Dr. Judy MacDonald, Deputy Medical Officer of Health of Alberta Health Services
Credits: BRENDAN MCKAY/QMI AGENCY
Alberta Health Services confirmed the number of cases had climbed to eight -- three in the Calgary area, one in the central part of the province and four in the Edmonton area.
"It is an enteric infection that can be serious, especially when there are complications," said Dr. Judy MacDonald, medical officer of health with AHS.
"It's preventable by trying to engage in safe food handling, and when you're out a restaurant use the same approach you would use at home."
E. coli infection, which is sometimes identified by abdominal cramps and bloody stool, is often linked with cattle, and particularly ground meats, but there is no evidence so far the current cases are the result of beef products from Alberta's XL Foods that have been recalled due to potential contamination.
E. coli can be contracted through tainted food or water or through contact with animals, for example, at petting zoos, said MacDonald, adding sufferers may not experience symptoms for up to 10 days after their initial contact with the bacteria.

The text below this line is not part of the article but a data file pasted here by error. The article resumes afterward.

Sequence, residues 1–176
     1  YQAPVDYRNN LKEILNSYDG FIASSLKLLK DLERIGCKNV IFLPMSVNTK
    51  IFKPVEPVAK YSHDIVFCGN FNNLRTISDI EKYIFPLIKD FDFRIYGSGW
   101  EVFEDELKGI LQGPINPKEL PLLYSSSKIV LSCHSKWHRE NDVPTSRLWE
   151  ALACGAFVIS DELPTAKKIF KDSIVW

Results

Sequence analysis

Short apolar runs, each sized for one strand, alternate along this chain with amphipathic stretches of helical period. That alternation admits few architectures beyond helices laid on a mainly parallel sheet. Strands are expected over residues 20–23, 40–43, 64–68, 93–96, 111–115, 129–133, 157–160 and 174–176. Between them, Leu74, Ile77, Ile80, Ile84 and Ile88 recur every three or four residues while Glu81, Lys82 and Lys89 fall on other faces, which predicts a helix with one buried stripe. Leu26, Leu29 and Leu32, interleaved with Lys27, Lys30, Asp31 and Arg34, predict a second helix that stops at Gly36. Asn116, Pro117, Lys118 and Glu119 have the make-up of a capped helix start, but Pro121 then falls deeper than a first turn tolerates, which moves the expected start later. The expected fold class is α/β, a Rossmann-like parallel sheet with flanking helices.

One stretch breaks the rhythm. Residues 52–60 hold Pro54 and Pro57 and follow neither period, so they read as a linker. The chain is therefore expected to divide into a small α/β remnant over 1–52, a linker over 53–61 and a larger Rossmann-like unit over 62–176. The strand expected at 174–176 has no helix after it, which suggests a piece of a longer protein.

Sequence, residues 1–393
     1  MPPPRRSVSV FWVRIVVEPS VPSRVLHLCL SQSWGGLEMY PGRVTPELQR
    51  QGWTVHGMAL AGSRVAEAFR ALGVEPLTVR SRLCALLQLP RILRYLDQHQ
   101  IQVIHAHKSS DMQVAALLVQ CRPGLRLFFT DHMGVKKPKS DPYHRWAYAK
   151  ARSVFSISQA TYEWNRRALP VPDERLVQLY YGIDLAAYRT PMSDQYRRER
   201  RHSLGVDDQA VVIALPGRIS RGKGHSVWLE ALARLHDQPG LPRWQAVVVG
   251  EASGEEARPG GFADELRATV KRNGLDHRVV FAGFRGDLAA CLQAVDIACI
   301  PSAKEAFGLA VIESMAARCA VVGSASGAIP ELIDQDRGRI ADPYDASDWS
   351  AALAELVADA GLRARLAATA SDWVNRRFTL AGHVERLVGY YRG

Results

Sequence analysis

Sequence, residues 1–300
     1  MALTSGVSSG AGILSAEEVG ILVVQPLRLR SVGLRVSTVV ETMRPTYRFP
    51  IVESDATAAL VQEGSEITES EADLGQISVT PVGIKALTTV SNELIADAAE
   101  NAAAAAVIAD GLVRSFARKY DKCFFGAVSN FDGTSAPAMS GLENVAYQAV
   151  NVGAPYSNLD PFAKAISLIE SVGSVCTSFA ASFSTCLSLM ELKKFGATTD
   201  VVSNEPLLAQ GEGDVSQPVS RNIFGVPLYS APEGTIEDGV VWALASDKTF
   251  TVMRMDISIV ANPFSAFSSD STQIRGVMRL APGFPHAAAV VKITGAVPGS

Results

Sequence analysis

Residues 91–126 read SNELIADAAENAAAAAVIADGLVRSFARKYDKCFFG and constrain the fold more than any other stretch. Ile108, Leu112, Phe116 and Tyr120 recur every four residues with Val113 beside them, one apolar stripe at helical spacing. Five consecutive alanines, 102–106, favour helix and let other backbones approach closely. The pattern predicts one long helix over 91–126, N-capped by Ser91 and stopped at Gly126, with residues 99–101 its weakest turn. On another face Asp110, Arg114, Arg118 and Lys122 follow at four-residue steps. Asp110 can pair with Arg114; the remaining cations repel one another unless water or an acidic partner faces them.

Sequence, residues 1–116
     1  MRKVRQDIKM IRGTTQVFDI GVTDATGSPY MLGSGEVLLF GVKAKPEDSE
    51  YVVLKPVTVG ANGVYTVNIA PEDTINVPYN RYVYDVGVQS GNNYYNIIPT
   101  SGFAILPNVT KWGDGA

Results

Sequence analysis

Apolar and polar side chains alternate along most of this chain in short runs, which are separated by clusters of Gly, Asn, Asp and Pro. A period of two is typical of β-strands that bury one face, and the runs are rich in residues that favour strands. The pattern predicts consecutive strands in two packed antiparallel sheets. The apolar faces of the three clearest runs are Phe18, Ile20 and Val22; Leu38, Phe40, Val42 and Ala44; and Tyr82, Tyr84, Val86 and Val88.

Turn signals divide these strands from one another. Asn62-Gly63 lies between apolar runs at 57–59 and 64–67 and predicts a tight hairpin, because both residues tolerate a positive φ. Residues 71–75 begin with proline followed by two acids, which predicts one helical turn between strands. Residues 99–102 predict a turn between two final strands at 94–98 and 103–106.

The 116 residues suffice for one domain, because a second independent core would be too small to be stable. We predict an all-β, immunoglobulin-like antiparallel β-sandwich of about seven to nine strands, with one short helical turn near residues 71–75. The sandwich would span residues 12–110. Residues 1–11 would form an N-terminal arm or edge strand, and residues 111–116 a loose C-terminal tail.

She said the disease is preventable by ensuring ground meats, especially beef, are cooked thoroughly -- to an internal temperature of 71 degrees Celsius -- as well as by not letting other foods come in contact with dishes that raw meats have been placed on. Albertans are also encouraged not to consume any milk or juices that are not pasteurized and to practice regular hand-washing.
Meanwhile, Canadian Food Inspection Agency spokesman Tim O'Connor confirmed that XL Foods products are no longer being exported across the U.S. border.
"On September 13, the facility was de-listed as being certified to export to the U.S.," O'Connor said.
"It was de-listed by the Canadian Food Inspection Agency at the request of U.S. food safety authorities."